Transitioning from active duty to a civilian career is an important—and often challenging—time for service members. From hanging up your uniform to writing a civilian resume to negotiating your new salary, the differences experienced between the two worlds are numerous.
The Department of Veterans Affairs reports nearly 200,000 men and women make this transition each year. According to a survey conducted by VetAdvisor®, 68 percent of veterans surveyed cited the inability to find opportunities matching their military experience as the biggest obstacle in obtaining employment.
How can one overcome this obstacle? Look no further than NDTA’s roster of corporate members. In many instances, you will find obvious parallels between the skills and knowledge gained through military experience and the positions available in these companies.
In addition to understanding the value military members bring, many companies are actively recruiting service members. NDTA corporate members AAR CORP., Amtrak, Atlas Air Worldwide, Enterprise Holdings, FedEx, and National Air Cargo specifically mention veteran recruiting efforts on their websites. However, these are far from the only companies actively recruiting service members. The knowledge, skills, and abilities veterans gained through military service would translate well into a career at any one of NDTA’s member companies.
Make use of your NDTA community. Check out the association’s website for opportunities to network with these and other employers at events and national meetings, and connect with them online through NDTA’s social media. Remember, with labor shortages in trucking, aviation, warehousing, hospitality, and several other segments of the transportation and logistics industries—both sides are looking to connect.
Transitioning from a career in the military to the civilian world can be daunting, but utilizing the connections and resources available to you can help to ensure your success.
As NDTA celebrates and reflects on the past 75 years, it’s important to also consider what the future will bring for the organization and its members. To that end, we have asked several members and friends of the association to tell us, “what do you think the next 75 years will be like for NDTA?”
Senior Consultant, Maintenance, Distribution and Operational Logistics Group, LMI
The advances that future NDTA members might help usher in to the Defense Transportation System will allow American to help maintain a degree of capability overmatch and a deterrent effect on future near-peer adversaries. I believe that we are at an inflection point in our dominant history of military force projection capability and capacity. Adversaries have been strategizing, developing and fielding their own anti-access/area-denial and global reach capabilities. They seek to exploit our process vulnerabilities, disrupt force deployments early-on and continuously compress our rapid response timelines. We may be training the next greatest generation of transportation professionals who will transform our current, methodical and predictable Joint deployment process into a strategic maneuver process – rapidly delivering in-tact, Joint combined arms maneuver formations conducting contested, cross-domain operations en route, and arriving in immediately employable configuration in accordance with combatant commanders’ scheme of maneuver. NDTA members form the catalyst for the legal, policy and cultural changes required to realize scalable, combat loaded strategic maneuver capability where, as an example, Army formations can fight their way to the fight(s) and dynamically reconfigure en route as necessary depending on operational risks anticipated at chokepoints along the way, providing cross-domain kinetic and non-kinetic effects while maneuvering through the strategic support area and into theaters of operations. We will evolve from breaking combat power into its components, shipping the components separately through benign operating environments and embarking on a lengthy, target-rich reception, staging, onward movement and integration process to rebuild and employ combat power in theater. In the next 75 years, NDTA members will create, operate, and optimize out-of-this-world supply chains as space-based resources are increasingly tapped as enablers for military operations. We will help transition Joint, Interagency, Intergovernmental, Multinational and Commercial force projection operations from largely human-in-the-loop, carbon-fuel-driven and strategically predictable endeavors, to artificial intelligence-enabled, multi-power sourced and multi-domain resilient operations. Our members will boldly and audaciously lead and inspire the change needed to create and maintain windows of force projection overmatch to underpin our near-, mid- and far-term national security interests against increasingly astute and dynamic adversaries.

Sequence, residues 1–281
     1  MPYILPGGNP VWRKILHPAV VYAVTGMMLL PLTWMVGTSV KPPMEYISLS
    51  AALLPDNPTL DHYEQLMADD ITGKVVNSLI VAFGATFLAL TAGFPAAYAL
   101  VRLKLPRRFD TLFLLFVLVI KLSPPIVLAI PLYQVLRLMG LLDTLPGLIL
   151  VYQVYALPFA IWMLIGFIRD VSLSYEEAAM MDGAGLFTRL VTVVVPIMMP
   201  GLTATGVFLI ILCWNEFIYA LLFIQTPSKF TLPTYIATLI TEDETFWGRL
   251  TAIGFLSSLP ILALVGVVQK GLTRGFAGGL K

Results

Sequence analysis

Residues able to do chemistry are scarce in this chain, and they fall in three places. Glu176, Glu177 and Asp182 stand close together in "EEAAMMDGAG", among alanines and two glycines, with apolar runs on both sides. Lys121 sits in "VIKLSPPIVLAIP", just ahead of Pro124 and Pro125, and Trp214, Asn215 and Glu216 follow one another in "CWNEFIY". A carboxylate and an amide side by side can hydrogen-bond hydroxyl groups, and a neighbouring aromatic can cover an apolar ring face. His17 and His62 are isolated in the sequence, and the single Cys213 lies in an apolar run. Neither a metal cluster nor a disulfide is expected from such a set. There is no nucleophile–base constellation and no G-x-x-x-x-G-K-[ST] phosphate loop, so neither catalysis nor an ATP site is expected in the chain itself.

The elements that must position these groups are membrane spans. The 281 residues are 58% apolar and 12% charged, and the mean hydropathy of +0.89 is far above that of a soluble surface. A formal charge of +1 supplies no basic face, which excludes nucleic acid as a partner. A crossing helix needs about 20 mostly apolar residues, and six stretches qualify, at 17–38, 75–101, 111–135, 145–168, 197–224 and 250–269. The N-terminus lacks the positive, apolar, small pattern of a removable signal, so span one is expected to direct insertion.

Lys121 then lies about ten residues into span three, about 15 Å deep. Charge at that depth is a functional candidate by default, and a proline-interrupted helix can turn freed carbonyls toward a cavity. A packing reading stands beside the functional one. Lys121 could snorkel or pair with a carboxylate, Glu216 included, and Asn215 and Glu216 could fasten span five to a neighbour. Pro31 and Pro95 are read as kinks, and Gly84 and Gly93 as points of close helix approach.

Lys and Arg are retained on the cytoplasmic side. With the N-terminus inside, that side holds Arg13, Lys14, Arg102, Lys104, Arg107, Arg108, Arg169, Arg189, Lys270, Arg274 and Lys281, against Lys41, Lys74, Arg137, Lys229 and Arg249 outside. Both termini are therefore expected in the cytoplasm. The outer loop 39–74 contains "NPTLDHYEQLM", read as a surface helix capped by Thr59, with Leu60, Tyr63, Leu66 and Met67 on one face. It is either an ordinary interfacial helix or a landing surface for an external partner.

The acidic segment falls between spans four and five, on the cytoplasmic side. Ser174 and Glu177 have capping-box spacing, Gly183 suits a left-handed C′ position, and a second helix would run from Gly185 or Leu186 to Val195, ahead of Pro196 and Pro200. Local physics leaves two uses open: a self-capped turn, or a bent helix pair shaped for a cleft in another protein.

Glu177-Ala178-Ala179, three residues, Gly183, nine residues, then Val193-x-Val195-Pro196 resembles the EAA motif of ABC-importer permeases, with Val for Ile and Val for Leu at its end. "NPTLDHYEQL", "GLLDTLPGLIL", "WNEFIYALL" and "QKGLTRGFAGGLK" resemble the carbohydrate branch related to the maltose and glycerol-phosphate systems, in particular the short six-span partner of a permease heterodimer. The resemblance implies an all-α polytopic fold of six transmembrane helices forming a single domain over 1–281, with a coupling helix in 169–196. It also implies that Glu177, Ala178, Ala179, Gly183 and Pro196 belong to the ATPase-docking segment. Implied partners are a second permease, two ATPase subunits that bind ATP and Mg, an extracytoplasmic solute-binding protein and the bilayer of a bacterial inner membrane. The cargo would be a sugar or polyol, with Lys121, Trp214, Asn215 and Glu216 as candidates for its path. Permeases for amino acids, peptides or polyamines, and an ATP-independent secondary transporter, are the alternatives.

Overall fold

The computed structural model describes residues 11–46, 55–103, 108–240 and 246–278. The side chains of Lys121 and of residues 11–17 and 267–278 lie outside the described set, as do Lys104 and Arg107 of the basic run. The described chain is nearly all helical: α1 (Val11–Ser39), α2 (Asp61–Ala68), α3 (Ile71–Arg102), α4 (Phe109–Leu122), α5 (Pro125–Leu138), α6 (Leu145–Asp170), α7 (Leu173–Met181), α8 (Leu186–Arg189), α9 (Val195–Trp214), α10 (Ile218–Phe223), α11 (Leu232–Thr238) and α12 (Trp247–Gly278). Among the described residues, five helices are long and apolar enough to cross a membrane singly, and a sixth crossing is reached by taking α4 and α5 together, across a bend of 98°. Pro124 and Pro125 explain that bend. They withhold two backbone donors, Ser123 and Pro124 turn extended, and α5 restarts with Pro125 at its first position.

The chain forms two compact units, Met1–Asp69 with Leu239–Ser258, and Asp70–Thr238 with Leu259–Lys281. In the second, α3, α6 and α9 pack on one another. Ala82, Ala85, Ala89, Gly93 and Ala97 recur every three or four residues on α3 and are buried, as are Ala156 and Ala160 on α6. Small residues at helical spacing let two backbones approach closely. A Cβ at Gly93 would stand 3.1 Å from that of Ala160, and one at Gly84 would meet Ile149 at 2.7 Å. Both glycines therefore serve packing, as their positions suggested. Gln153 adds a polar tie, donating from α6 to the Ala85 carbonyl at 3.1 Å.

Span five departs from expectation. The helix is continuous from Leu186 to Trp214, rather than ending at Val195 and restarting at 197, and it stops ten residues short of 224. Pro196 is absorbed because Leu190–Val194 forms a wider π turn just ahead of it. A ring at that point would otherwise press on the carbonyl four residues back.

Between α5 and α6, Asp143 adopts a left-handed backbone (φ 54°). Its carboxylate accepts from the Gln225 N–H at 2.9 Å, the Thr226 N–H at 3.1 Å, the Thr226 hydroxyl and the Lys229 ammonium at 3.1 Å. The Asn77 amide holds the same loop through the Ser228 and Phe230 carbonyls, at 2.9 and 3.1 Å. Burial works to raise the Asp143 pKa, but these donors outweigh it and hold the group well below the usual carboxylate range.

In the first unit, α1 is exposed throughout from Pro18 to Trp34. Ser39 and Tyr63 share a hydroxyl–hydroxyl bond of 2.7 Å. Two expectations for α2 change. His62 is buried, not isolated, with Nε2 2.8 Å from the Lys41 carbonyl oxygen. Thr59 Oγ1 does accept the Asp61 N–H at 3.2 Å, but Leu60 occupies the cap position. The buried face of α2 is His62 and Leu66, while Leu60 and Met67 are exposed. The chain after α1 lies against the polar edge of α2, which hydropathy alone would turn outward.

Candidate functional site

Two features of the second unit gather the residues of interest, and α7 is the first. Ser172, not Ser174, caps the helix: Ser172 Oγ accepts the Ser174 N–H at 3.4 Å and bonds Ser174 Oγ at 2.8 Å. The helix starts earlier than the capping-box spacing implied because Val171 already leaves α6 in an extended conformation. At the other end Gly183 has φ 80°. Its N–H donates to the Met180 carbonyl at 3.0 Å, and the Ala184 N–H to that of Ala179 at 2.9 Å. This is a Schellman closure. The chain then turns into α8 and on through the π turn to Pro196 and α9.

Corporate Member News
ARC Adds New Ship, Loads Combat Aviation Brigade in Rotterdam